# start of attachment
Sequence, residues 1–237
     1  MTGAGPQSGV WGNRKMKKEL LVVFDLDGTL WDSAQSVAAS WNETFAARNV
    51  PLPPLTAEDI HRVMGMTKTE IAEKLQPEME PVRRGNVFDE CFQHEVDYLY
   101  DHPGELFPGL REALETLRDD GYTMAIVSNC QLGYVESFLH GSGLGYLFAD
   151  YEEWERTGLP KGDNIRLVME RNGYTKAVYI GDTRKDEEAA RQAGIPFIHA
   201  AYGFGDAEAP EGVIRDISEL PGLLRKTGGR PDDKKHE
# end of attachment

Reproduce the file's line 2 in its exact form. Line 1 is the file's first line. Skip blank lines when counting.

     1  MTGAGPQSGV WGNRKMKKEL LVVFDLDGTL WDSAQSVAAS WNETFAARNV